Leveraging Automated Image Analysis Tools to Transform Our Capacity to Assess Status and Trends of Coral Reefs

Last modified: 
May 1, 2019 - 4:48pm
Type: Journal Article
Year of publication: 2019
Date published: 04/2019
Authors: Ivor Williams, Courtney Couch, Oscar Beijbom, Thomas Oliver, Bernardo Vargas-Ángel, Brett Schumacher, Russell Brainard
Journal title: Frontiers in Marine Science
Volume: 6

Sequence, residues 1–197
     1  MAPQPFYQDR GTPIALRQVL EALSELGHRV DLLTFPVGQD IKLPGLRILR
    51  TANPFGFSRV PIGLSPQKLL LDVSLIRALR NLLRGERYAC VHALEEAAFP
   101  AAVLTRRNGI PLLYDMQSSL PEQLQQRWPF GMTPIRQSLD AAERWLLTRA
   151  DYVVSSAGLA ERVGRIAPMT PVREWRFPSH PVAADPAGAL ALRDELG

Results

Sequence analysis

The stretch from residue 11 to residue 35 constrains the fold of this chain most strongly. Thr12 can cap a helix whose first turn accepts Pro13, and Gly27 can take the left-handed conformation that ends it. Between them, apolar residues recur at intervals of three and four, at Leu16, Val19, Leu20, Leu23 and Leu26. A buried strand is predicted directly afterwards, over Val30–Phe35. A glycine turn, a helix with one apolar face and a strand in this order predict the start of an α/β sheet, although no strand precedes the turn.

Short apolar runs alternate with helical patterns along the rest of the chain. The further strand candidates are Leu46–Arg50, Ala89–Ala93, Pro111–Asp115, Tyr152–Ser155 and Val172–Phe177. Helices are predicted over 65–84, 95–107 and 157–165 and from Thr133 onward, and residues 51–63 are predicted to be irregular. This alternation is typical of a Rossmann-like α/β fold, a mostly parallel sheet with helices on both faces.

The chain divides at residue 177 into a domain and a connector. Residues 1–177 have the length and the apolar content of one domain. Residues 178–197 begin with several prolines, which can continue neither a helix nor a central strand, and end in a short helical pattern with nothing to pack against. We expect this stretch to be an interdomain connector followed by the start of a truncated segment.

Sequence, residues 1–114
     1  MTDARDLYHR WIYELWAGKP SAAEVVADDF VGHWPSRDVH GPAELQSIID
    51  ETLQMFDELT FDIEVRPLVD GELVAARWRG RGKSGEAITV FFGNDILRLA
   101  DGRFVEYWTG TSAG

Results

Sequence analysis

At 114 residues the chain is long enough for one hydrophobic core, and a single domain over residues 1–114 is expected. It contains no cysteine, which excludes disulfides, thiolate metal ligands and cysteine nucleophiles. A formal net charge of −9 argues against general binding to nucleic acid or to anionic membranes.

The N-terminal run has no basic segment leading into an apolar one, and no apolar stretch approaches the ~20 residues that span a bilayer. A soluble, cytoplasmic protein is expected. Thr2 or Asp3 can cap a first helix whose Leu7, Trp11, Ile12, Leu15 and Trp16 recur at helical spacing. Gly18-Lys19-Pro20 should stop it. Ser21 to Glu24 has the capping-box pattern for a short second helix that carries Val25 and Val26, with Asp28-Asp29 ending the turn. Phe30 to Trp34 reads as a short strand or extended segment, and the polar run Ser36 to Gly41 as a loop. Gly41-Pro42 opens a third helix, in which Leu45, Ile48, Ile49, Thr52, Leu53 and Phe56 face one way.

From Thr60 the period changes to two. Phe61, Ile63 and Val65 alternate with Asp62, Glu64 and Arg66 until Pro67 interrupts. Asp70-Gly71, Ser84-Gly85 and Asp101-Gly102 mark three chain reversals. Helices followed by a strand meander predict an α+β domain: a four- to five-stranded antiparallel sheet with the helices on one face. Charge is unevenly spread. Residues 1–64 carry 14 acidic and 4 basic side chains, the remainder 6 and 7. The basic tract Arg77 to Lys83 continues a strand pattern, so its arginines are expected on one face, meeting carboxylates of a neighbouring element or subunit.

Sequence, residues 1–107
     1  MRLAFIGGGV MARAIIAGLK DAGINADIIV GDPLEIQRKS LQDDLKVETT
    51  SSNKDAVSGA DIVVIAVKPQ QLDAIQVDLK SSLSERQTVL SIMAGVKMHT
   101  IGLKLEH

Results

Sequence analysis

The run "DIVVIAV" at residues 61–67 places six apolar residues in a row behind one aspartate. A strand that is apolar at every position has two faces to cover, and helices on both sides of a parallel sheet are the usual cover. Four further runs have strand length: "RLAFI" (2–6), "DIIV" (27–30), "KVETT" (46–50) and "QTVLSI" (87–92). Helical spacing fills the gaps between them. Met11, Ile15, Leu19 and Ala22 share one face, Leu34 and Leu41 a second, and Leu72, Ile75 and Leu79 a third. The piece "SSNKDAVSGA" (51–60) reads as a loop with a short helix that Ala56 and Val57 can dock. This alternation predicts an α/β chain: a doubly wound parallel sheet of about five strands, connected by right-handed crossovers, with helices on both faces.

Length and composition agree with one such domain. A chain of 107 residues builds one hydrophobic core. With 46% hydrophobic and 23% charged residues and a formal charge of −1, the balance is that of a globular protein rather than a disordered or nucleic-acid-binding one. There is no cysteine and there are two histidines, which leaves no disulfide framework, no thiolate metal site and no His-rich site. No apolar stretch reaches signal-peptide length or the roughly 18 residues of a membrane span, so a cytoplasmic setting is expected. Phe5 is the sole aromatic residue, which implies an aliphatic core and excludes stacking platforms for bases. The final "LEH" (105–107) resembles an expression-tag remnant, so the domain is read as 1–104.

Digital photography is widely used by coral reef monitoring programs to assess benthic status and trends. In addition to creating a permanent archive, photographic surveys can be rapidly conducted, which is important in environments where bottom-time is frequently limiting. However, substantial effort is required to manually analyze benthic images; which is expensive and leads to lags before data are available. Using previously analyzed imagery from NOAA’s Pacific Reef Assessment and Monitoring Program, we assessed the capacity of a trained and widely used machine-learning image analysis tool – CoralNet coralnet.ucsd.edu – to generate fully-automated benthic cover estimates for the main Hawaiian Islands (MHI) and American Samoa. CoralNet was able to generate estimates of site-level coral cover for both regions that were highly comparable to those generated by human analysts (Pearson’s r > 0.97, and with bias of 1% or less). CoralNet was generally effective at estimating cover of common coral genera (Pearson’s r > 0.92 and with bias of 2% or less in 6 of 7 cases), but performance was mixed for other groups including algal categories, although generally better for American Samoa than MHI. CoralNet performance was improved by simplifying the classification scheme from genus to functional group and by training within habitat types, i.e., separately for coral-rich, pavement, boulder, or “other” habitats. The close match between human-generated and CoralNet-generated estimates of coral cover pooled to the scale of island and year demonstrates that CoralNet is capable of generating data suitable for assessing spatial and temporal patterns. The imagery we used was gathered from sites randomly located in <30 m hard-bottom at multiple islands and habitat-types per region, suggesting our results are likely to be widely applicable. As image acquisition is relatively straightforward, the capacity of fully-automated image analysis tools to minimize the need for resource intensive human analysts opens possibilities for enormous increases in the quantity and consistency of coral reef benthic data that could become available to researchers and managers.

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